D. E. Larsen, DVM
The auditorium class quieted down as the professor took the stage. This was an entirely new experience for me. This class filled the auditorium, maybe 500 students.
The professor was a large man, and he looked like he could have been a linebacker in his college days. Not fat, just tall and well built, and very muscular.
He picked up a piece of chalk and, in a giant cursive script, he wrote ‘I presume?’ on the board. Then he returned to the podium.
“For those who don’t know me and have not figured it out yet, my name is Doctor Livingstone.”
The Fall of 1964 found me searching for some spark of inspiration to get my education back on track. I had been admitted to Colorado State University, and I was determined to pursue admission to veterinary school.
Just how I ended up in Doctor Livingstone’s botany class was a bit of a mystery to me, even at the time. It was a science course and could have been in the pre-veterinary requirements at the time. Or possibly, an astute advisor recognized that Doctor Livingstone could be helpful for this farm boy.
Doctor Livingstone’s lectures were as intriguing as was his initial introduction. I always preferred to sit in the back of the class, and I initially picked a seat near the back and closest to the exit, and I had a full view of the auditorium. When Doctor Livingstone was speaking, he held the full attention of the entire class.
This class of hundreds was broken down into smaller groups of about thirty students for the laboratory portions of the course. Graduate students conducted the lab classes, but seeing Doctor Livingstone dropping into the lab was not unusual.
This system had pluses and minuses. For one thing, it allowed for a personal relationship with the graduate student. But with that relationship, I would learn that the lab class had an assigned row of seats to use and that attendance would be taken. That wasn’t too bad, but I lost my perch in the back of the auditorium.
In one of our Thursday afternoon lab classes, Doctor Livingstone stood behind our small group as we were discussing the microscope slide we were working on that day. As was typical for me, I stumbled over a few scientific words.
Doctor Livingstone corrected my attempts at pronunciation and helped the four of us complete the exercise. Then I noticed he went and talked with the graduate student and checked the grade book.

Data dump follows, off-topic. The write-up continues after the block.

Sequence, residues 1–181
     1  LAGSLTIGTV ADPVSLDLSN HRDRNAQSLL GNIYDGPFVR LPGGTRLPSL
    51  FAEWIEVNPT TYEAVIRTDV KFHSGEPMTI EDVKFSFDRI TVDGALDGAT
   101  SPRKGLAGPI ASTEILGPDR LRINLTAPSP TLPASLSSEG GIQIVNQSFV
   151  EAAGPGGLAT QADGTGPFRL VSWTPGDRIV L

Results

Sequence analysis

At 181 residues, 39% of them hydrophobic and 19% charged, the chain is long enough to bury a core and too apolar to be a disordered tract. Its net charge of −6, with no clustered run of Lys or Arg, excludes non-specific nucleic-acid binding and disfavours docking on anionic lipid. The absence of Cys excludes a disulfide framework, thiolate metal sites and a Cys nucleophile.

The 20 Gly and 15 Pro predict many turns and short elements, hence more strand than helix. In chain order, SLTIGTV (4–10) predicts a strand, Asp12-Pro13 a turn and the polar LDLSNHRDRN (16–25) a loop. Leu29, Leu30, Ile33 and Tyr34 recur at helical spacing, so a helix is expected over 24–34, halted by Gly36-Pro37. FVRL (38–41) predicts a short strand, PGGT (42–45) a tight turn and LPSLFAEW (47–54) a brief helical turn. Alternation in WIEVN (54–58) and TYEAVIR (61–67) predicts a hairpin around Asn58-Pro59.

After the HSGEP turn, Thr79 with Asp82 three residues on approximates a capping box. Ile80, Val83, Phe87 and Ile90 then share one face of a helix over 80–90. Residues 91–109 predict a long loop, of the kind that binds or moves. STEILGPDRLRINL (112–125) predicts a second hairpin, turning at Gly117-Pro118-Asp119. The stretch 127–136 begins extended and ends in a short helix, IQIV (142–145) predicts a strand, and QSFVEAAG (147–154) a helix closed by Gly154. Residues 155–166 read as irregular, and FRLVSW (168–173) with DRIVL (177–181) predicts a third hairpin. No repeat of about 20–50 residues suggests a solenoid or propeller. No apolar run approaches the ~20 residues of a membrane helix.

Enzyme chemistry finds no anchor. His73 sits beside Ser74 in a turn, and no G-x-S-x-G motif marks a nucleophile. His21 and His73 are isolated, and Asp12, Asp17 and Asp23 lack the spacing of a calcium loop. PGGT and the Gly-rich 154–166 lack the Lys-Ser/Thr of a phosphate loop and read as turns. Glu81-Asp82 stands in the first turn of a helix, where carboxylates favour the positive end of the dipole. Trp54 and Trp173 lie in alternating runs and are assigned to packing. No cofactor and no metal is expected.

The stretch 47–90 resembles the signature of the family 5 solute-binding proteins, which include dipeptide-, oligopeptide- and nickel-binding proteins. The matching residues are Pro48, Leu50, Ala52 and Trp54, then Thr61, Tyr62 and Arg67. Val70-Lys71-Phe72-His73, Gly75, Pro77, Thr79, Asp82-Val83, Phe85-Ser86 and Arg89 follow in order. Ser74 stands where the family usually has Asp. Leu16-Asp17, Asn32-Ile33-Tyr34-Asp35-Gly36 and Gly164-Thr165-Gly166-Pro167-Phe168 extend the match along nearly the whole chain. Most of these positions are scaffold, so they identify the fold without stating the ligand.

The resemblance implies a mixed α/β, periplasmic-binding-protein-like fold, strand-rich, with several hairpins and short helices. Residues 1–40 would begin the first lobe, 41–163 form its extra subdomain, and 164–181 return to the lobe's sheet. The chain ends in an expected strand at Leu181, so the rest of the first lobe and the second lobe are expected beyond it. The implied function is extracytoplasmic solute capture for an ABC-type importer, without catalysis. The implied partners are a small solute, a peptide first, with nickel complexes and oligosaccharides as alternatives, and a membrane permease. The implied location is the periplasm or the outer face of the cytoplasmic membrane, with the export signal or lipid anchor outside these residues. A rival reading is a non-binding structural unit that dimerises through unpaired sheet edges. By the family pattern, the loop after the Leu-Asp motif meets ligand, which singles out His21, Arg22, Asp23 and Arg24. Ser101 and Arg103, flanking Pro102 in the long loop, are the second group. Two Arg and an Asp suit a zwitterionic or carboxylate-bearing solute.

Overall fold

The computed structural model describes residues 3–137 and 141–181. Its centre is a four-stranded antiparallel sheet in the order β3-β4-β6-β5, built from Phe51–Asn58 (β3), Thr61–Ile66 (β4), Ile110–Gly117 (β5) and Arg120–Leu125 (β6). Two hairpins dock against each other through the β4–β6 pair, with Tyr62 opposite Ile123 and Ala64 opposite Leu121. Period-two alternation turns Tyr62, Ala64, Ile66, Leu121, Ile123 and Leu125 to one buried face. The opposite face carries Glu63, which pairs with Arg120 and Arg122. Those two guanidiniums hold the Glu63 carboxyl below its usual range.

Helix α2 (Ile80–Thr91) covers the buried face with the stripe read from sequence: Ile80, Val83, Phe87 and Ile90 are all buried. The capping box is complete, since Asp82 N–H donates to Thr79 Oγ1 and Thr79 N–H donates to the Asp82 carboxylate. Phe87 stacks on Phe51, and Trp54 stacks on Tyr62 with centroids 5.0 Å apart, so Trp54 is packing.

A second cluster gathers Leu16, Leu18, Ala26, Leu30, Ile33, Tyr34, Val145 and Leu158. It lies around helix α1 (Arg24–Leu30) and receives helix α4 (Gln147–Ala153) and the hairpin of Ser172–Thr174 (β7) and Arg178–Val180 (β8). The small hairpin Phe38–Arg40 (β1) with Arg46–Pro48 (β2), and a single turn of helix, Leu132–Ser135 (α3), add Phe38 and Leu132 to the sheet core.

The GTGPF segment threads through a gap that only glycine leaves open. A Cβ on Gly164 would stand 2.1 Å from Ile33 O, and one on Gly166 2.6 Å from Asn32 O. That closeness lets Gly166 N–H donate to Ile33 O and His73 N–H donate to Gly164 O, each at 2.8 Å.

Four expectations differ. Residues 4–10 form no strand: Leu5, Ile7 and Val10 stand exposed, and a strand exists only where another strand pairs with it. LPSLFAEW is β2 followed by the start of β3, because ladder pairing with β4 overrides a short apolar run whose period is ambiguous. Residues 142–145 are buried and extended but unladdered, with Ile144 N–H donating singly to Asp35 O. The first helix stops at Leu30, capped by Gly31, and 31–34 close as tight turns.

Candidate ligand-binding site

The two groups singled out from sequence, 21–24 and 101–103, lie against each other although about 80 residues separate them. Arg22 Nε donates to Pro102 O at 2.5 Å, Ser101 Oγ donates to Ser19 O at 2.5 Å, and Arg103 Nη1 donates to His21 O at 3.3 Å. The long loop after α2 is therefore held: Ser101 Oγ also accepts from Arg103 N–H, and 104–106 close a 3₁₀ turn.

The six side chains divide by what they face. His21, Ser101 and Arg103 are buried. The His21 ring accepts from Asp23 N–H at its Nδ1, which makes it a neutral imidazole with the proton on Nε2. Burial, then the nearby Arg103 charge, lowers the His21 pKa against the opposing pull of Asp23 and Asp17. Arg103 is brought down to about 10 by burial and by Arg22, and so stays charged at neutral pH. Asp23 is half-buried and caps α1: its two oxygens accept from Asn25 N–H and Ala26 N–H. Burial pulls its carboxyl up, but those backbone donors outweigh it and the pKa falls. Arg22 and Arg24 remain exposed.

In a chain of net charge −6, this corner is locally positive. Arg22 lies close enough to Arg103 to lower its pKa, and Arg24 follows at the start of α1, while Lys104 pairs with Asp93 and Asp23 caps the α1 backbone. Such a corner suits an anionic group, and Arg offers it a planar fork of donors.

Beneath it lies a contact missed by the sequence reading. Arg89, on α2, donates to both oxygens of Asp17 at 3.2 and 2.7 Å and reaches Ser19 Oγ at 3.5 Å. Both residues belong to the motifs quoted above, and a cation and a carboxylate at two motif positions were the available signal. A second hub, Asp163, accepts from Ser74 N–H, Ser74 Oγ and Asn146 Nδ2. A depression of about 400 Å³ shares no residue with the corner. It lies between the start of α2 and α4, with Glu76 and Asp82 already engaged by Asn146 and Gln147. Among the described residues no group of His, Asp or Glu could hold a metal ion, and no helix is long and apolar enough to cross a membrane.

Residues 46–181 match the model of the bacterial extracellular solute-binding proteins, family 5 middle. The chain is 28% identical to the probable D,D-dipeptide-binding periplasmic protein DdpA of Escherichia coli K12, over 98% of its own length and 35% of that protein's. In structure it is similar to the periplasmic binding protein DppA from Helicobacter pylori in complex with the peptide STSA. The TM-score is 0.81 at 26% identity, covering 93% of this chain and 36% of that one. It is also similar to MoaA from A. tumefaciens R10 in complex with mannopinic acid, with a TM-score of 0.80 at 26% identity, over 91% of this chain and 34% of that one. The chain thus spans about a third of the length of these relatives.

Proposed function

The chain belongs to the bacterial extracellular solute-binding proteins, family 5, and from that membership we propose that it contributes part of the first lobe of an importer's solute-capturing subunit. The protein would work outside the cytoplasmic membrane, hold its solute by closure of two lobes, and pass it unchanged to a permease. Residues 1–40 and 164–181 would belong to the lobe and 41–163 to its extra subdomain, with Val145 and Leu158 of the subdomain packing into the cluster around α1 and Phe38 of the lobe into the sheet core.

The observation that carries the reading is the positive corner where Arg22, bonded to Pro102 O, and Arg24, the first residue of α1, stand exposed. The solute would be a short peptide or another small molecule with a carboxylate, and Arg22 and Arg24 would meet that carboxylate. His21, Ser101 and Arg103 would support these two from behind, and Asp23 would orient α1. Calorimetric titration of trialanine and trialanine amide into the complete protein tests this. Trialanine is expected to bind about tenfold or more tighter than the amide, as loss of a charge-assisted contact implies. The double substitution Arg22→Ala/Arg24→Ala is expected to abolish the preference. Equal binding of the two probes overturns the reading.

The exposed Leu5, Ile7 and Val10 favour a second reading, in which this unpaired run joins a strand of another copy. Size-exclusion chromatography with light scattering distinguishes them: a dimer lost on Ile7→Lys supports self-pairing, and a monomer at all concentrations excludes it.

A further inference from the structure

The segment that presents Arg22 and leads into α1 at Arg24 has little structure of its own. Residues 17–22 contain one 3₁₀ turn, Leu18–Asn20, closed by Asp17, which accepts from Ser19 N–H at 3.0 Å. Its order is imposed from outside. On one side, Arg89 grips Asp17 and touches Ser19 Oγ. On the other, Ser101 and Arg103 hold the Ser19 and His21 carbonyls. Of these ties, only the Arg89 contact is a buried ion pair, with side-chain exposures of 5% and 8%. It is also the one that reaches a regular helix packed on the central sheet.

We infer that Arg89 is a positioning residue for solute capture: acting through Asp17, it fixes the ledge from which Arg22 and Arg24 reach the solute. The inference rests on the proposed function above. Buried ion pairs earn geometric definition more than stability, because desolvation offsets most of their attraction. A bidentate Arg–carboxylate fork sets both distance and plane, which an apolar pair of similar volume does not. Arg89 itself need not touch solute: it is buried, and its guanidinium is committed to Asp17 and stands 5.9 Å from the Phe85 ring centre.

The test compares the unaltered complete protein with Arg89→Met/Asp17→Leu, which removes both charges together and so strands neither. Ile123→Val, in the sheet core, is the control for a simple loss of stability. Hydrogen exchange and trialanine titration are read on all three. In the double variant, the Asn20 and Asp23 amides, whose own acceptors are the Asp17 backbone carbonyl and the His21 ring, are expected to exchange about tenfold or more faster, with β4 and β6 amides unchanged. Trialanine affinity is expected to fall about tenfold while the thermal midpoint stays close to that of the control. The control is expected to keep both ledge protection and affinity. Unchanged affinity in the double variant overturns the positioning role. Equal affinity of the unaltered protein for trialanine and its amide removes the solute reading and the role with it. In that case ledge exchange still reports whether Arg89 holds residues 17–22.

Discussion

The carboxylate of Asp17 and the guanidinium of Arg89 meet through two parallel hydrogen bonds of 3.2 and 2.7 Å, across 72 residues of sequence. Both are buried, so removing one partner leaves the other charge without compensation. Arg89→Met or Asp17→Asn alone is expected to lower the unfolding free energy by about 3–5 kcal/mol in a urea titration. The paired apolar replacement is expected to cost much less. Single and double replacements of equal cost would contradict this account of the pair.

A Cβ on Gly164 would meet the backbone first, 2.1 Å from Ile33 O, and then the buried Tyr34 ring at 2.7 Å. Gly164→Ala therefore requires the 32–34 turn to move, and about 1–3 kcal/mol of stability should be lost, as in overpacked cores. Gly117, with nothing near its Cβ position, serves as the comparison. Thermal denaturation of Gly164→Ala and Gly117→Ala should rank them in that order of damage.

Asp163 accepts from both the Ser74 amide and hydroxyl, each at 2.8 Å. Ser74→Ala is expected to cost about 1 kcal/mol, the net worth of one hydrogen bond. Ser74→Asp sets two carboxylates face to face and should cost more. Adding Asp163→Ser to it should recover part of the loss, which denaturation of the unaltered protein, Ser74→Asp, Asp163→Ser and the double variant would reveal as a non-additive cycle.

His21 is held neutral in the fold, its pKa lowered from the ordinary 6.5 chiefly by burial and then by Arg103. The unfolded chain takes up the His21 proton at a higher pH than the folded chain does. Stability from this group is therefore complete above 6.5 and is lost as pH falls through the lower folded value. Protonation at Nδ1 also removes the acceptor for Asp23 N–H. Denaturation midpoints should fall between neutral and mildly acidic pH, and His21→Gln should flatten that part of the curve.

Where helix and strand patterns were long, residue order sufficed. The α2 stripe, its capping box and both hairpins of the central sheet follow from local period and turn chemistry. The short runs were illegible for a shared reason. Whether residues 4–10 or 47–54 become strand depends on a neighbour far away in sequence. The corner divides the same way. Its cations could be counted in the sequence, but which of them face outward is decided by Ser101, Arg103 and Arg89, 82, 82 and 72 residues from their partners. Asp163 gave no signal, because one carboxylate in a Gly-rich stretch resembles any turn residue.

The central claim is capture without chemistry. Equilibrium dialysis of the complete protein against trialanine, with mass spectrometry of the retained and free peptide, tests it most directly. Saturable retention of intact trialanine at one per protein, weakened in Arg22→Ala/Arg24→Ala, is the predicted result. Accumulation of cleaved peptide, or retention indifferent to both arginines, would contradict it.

As the class was cleaning up and I put my books into my pack, Doctor Livingstone came over and sat beside me.
“Mr. Larsen, you’re a pretty good student, at least in this class,” Doctor Livingstone said. “Do you always have trouble with these long words?”
“I just have to hear the word a few times before I can get all the syllables to come out right,” I said.
“I will give you a couple of tips that helped me a lot when I was your age,” Doctor Livingstone said. “I had a lot of problems also. Maybe I am a bit dyslexic, I don’t know, but I just had problems with the big words. It doesn’t matter what you call it in your mind. You just need to learn to spell it correctly. And then, when you do have to pronounce it, you should do so with utter self-confidence. You will find, if you do that confidently, after a short time, everyone around you will be using your pronunciation.”
It was sometime later before I wondered what it was that prompted the doctor to spend those few minutes with me. But it was advice that I follow to this day, and there are still words that I stumble over.
My stay at Colorado State in 1964 was brief. My classroom performance was less than stellar. This was primarily due to the lack of maturity to apply myself to necessary classes that did not interest me. The fact that Colorado sold three-point-two beer to eighteen-year-olds could have had some influence on my school work.
I experienced the best in professors in Doctor Livingstone. And I watched the worst professor in my educational experience in my History of Western Civilization class, but that is a different story. Friday night dinner with my roommates was always five hamburgers, purchased for a dollar, something new to me. My PE class was swimming, and it took several weeks for me to adjust to the altitude. I spent way too much money that term, but it was fun. And then there was a brief encounter with a wild preacher’s daughter. All life lessons, some better than others.
It took me seven years before I returned to Colorado State University. I was admitted to the College of Veterinary Medicine in the Fall of 1971.
There are lessons to be learned here, and they don’t involve the preacher’s daughter. I have always been concerned about all the advanced placement available for students coming out of high school today. It is hard to argue against because of the high cost of higher education today. But suppose you are placed above some classes. In that case, you may lose the opportunity for a great professor, like Doctor Livingstone, to influence the rest of your life. And perseverance pays off. Not everyone is made to fit the mold educators plan out for kids, some of us have to find our own way.
One thought on “I Presume?”
You were lucky to have Dr. Livingstone. Professors like him are the educational “gold standard”, having the most positive impact on students lives. They also set an example for students on how to treat others on the road of life. I think many of us have to learn in our own time and in our own way, and a lot of potential is lost forcing kids down some predetermined chute.
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